The destruction of the space shuttle Challenger is the latest in a string of disasters that have shaken the young space-insurance industry, driving rates up sharply and reducing the amount of coverage available for new satellites.
As a result of this trend, more satellites may be launched with no insurance or only partial coverage, space-insurance brokers and underwriters said yesterday.
Although the Challenger's loss was an immediate psychological blow, the full impact on the industry will not be clear until NASA determines the cause of the midair disaster, they said.
"The community is just in a state of shock over the loss," said John Horner, a vice president of Corroon & Black Inspace Inc., an insurance broker based in the District. "The satellite market is emotionally driven as well as financially driven, and the confidence level now is very, very low."
The Challenger explosion followed the loss of eight satellites in the last two years, a trend that had already driven insurance rates into the range of 20 percent to 30 percent of the insured value of a satellite. The insured value, or replacement cost, of satellites currently averages $80 million to $100 million, he said.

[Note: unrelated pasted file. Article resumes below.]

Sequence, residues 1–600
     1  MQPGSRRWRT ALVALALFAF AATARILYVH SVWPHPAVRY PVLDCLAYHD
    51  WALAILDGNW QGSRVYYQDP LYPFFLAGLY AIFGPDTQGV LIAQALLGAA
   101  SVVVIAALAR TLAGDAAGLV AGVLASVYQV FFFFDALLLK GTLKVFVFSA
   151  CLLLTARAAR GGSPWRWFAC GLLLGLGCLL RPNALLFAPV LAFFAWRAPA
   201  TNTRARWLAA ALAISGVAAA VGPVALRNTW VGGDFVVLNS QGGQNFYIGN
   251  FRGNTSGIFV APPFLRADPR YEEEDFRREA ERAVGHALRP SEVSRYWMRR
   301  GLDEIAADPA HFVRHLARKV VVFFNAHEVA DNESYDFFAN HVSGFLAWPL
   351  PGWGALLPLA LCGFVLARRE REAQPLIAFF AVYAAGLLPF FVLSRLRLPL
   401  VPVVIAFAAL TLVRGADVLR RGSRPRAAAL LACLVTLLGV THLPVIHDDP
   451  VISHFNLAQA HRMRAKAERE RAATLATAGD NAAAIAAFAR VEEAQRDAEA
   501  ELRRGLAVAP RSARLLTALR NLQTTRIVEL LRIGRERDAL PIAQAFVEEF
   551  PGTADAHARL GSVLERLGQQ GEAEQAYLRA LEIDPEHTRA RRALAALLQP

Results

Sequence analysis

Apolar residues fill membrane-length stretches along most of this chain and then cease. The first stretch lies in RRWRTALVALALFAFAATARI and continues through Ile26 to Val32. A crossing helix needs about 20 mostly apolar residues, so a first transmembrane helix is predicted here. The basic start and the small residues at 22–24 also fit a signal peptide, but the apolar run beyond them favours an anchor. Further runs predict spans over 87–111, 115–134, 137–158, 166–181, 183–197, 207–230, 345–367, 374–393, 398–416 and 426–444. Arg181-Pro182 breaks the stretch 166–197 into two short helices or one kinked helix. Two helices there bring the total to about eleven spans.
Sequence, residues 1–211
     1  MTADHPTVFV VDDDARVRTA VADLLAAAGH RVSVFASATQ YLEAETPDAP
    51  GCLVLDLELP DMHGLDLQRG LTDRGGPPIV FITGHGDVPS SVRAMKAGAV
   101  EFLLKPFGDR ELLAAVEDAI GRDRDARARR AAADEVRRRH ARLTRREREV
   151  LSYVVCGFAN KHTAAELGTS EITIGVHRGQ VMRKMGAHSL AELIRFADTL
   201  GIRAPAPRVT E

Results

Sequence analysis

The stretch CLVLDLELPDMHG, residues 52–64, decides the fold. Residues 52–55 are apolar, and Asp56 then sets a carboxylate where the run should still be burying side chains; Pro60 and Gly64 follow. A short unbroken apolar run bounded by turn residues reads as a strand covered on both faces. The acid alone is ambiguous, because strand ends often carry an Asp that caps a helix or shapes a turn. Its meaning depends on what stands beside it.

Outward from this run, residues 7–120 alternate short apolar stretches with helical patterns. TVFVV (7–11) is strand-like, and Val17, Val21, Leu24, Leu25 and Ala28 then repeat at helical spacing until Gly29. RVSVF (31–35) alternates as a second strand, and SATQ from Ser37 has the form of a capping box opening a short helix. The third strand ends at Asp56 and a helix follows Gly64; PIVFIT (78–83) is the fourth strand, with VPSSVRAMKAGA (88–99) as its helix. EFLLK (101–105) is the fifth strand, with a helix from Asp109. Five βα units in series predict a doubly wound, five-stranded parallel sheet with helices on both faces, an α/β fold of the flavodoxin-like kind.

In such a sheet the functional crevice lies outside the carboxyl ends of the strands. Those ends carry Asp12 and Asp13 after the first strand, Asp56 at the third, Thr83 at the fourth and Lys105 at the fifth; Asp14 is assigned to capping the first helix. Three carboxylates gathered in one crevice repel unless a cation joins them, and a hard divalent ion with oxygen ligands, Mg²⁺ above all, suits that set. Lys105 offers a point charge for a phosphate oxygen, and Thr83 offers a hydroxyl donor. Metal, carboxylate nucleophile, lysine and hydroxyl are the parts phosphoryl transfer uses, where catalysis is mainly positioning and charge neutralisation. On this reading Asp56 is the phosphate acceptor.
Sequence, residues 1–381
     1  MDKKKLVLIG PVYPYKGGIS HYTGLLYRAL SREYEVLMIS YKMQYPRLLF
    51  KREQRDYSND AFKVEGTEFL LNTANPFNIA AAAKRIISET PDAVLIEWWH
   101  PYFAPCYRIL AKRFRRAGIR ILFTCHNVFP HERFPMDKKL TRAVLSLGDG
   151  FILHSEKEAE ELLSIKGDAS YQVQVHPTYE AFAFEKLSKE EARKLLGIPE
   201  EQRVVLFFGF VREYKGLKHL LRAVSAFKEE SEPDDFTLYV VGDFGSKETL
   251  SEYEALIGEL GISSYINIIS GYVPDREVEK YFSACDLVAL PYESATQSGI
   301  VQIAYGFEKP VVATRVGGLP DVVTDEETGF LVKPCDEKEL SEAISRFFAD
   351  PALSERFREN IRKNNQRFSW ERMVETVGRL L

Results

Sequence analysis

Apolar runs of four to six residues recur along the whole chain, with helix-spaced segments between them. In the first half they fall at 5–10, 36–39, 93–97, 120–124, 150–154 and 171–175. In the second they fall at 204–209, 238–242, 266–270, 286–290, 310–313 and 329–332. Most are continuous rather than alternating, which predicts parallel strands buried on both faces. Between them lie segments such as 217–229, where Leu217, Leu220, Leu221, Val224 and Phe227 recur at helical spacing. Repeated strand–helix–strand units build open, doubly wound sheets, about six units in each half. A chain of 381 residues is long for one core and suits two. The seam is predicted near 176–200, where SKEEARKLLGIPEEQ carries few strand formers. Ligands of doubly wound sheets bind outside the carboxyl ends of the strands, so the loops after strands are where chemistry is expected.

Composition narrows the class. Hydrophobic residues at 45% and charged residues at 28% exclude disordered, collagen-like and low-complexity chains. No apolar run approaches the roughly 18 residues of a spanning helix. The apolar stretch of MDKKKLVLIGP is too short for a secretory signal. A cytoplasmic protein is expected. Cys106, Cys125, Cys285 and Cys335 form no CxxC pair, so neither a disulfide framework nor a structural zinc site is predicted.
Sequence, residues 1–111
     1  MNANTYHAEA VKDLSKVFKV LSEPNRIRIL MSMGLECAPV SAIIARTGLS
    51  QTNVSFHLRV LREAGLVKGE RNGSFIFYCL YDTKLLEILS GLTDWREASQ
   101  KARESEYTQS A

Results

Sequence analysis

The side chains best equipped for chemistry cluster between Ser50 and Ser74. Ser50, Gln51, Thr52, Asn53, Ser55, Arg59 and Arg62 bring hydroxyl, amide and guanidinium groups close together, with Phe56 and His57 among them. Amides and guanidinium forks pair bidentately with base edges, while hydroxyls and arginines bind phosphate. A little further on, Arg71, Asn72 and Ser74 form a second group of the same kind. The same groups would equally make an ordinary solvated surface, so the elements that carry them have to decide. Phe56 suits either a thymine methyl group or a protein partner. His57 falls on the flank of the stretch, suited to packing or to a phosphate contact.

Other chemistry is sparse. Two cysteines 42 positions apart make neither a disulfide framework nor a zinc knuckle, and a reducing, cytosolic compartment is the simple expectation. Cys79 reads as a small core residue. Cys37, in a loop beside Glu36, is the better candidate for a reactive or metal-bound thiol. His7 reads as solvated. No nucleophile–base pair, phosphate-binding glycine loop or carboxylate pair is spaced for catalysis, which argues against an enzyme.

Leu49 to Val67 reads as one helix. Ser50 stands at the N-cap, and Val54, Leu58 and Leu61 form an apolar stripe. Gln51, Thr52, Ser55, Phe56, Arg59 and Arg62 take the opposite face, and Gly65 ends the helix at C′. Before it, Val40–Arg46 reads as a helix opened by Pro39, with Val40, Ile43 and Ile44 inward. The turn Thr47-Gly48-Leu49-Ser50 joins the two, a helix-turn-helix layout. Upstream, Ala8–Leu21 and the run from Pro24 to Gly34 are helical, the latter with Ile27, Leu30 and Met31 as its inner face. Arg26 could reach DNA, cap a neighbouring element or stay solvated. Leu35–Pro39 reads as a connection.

"Prices are totally unacceptable at the present time," said Michael Lyons, a vice president with Satellite Business Systems, a McLean-based subsidiary of International Business Machines Corp. SBS has four satellites in orbit, and hopes to launch two in 1987. Current insurance rates "fall somewhere between destroying a company's business plan and making a company insure the satellite itself," he said.
Insurance industry officials estimate they have paid out roughly twice the amount in claims that they have collected in premiums since 1975. Horner estimated that the industry has lost about $850 million in paid claims, compared with about $400 million in premiums charged.
Some industry officials have estimated that space insurers have already lost $633 million since February 1984. Since then, four satellites failed to function in orbit after being delivered into space successfully by U.S. space shuttles. Another satellite, Intelsat 5, was lost before it reached orbit because a launch vehicle misfired. Two satellites were lost in the explosion of Europe's Ariane rocket last September. Hughes Communications Corp.' Leasat 4 satellite is not working.
Before the Challenger explosion, these losses had pushed insurance rates up and coverage availability down to the point that an RCA Corp. satellite was launched in November without any insurance.
Corroon & Black placed the only insurance policy covering the fatal Challenger mission. The firm gave Sharon Christa McAuliffe, the high-school teacher aboard, a $1 million personal accident policy.